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Medea Talks | Remaking the Heavens and the Earth: Narratives Justifying Scientific Interventions
November 28 @ 15:15 – 17:00
Medea Talks on November 28 with David Nye, author of The Environmental Humanities (MIT Press, 2017) and professor emeritus at the University of Southern Denmark.
In this lecture, Nye will talk about how scientists justify their plans to change Earth’s climate (through geoengineering) and to make the Moon and Mars habitable.
Place: The K3 studio on floor 5, Niagara, Malmö University
Gramophone music starts at 15:00 and the lecture at 15:15.
ABSTRACT | Environmentalists respond to pollution, species extinction, and global warming by calling for reductions in consumption and limits on growth. But some scientists take a quite different approach. They develop plans to change Earth’s climate and to make the Moon and Mars habitable.
This Medea Talks lecture will focus on American proposals for “geoengineering” (remaking the earth) and “terraforming” (creating Earth-like environments on other planets). Using examples from university scientists, the US space program (NASA), and private corporations, David Nye will focus on the narratives that are being used to justify these interventions, and it will demonstrate that while the proposals are new, the narrative frameworks are not. This lecture develops concepts from America as Second Creation (MIT Press, 2003) and The Environmental Humanities (MIT Press, 2017).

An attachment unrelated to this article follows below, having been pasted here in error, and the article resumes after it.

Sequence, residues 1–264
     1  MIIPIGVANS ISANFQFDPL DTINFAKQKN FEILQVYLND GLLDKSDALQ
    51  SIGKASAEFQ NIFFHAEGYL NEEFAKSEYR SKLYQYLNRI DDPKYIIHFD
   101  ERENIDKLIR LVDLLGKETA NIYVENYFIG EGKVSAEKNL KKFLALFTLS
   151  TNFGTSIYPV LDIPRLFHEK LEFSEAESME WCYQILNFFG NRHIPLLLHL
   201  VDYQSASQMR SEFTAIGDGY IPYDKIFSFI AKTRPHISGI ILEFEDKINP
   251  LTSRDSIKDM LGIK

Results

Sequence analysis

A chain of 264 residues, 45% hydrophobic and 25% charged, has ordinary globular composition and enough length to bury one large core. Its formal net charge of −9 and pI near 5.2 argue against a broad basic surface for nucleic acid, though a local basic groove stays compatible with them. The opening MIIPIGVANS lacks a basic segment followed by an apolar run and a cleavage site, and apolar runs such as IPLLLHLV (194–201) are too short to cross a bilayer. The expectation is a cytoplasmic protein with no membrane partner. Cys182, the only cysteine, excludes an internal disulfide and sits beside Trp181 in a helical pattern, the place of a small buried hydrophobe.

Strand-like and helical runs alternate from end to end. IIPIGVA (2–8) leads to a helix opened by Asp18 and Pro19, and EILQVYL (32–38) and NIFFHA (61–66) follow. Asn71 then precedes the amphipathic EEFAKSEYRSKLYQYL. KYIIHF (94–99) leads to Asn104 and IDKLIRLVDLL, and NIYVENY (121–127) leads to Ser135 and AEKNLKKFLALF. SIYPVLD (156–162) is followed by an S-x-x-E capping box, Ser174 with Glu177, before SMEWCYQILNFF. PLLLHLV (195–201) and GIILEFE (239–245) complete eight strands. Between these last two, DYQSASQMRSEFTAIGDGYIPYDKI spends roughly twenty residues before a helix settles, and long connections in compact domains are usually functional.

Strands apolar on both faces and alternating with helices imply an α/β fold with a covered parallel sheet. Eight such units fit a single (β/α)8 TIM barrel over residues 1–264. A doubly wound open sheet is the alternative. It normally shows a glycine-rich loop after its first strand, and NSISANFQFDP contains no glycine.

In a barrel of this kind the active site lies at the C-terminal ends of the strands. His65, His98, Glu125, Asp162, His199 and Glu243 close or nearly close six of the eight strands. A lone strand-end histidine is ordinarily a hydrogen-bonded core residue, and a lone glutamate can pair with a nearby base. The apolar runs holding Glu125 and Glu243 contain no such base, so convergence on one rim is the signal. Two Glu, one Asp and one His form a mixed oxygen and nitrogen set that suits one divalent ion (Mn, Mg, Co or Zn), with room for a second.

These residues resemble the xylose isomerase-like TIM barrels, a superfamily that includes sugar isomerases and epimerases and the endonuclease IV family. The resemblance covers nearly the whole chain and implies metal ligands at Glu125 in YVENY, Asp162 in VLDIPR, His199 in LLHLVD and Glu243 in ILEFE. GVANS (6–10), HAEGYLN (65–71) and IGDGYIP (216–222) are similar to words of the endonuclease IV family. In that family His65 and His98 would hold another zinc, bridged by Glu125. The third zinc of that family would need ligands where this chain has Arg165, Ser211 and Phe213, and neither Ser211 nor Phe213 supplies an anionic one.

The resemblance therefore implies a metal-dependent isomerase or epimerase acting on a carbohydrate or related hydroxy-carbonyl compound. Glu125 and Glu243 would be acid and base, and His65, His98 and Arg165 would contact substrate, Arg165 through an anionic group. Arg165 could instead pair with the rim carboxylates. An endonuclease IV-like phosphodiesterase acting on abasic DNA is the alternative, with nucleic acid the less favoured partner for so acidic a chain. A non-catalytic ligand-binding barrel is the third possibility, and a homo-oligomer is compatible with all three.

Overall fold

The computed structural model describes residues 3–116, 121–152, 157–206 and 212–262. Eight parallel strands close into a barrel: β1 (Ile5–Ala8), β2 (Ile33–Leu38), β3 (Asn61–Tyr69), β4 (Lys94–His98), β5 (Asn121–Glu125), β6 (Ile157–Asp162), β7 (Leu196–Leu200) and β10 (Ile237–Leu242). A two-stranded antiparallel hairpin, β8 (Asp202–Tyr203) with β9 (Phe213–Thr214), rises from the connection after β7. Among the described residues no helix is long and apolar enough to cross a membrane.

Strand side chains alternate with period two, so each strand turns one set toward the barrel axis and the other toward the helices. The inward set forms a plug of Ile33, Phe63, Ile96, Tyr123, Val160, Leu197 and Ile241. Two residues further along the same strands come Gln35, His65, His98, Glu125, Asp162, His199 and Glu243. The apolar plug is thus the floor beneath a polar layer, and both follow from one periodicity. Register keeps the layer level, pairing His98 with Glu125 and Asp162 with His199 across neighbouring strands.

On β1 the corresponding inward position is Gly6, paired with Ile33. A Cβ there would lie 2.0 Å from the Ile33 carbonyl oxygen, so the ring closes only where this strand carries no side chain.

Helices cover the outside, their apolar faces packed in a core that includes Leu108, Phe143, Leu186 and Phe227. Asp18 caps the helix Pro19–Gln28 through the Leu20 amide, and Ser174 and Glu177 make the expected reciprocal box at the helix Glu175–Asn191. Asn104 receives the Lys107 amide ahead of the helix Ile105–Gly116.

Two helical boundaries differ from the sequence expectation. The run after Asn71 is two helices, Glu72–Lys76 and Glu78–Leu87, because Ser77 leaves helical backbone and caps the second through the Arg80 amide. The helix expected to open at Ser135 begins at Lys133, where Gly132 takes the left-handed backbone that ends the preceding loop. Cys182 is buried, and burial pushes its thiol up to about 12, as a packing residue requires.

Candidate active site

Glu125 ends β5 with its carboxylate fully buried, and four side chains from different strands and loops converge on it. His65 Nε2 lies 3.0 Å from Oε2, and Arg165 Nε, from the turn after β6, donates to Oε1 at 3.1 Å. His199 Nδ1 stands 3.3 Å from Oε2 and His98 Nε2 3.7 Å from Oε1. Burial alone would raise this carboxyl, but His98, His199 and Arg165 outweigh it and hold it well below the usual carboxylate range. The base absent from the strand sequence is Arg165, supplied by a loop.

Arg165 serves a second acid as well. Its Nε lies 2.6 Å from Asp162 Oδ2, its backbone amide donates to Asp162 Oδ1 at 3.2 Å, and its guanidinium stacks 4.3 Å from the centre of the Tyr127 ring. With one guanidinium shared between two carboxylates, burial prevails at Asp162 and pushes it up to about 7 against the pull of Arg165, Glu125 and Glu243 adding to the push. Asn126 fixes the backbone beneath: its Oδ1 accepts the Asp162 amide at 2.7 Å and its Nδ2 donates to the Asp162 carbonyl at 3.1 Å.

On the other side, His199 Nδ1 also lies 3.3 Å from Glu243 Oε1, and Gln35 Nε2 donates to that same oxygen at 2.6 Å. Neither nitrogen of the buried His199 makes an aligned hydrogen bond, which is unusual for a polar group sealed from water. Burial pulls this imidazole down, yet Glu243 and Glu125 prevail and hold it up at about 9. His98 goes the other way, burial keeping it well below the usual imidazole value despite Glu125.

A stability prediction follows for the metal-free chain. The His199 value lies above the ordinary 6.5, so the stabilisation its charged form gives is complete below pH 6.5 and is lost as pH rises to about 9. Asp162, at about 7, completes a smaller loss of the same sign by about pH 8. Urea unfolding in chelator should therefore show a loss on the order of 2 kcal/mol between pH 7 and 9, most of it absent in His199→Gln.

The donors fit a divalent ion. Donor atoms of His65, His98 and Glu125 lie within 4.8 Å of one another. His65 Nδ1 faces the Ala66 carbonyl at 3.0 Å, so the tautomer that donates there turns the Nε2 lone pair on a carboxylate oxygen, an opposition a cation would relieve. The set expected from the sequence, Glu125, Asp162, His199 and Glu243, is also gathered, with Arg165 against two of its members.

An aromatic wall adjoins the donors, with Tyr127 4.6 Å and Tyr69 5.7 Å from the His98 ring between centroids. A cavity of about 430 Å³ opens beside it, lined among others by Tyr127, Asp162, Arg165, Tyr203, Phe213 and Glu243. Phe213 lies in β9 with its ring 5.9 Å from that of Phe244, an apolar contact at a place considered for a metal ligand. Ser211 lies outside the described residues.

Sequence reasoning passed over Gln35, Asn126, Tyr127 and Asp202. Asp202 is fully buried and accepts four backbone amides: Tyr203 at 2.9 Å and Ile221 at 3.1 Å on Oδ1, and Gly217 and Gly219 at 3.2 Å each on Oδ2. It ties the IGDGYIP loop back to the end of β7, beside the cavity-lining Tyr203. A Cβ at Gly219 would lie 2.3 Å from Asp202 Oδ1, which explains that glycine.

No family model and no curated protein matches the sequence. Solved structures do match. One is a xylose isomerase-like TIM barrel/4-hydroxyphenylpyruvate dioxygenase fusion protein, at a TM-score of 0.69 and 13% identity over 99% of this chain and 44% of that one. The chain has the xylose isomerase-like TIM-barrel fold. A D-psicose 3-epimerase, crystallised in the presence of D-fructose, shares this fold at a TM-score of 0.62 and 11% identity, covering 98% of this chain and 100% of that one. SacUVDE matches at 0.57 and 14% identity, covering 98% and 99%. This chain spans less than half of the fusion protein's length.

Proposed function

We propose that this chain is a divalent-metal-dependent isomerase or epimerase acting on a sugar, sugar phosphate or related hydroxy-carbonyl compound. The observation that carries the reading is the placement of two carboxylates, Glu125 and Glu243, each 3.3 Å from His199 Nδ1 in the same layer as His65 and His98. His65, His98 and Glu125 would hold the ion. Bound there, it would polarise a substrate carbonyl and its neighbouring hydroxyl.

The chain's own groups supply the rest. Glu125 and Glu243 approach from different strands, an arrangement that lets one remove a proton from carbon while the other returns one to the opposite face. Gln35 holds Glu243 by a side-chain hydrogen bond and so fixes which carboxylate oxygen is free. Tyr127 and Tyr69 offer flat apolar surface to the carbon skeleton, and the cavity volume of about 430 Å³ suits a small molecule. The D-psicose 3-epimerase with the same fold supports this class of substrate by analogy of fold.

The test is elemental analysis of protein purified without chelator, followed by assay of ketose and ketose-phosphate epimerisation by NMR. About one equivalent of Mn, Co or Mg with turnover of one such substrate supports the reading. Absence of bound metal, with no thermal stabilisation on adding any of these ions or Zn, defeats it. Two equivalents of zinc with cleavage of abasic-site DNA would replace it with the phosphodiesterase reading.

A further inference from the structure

Professor David Nye’s more than 220 publications include 10 books with the MIT Press. He has been a visiting scholar at the universities of Cambridge, Leeds, Warwick, Oviedo, the Netherlands Institute for Advanced Study, Minnesota, Notre Dame, Virginia Tech, MIT, and Harvard. He received the Leonardo da Vinci Medal in 2006 and was knighted by the Queen of Denmark in 2014. He is a by-fellow of Churchill College, Cambridge; Senior Research Fellow, University of Minnesota; and Professor Emeritus, University of Southern Denmark.
The discussant in this Medea Talk is Malin Ideland, professor in Educational Sciences at Malmö University.
Featured image: NASA artist’s conception of a human mission to Mars (painting), from Wikipedia.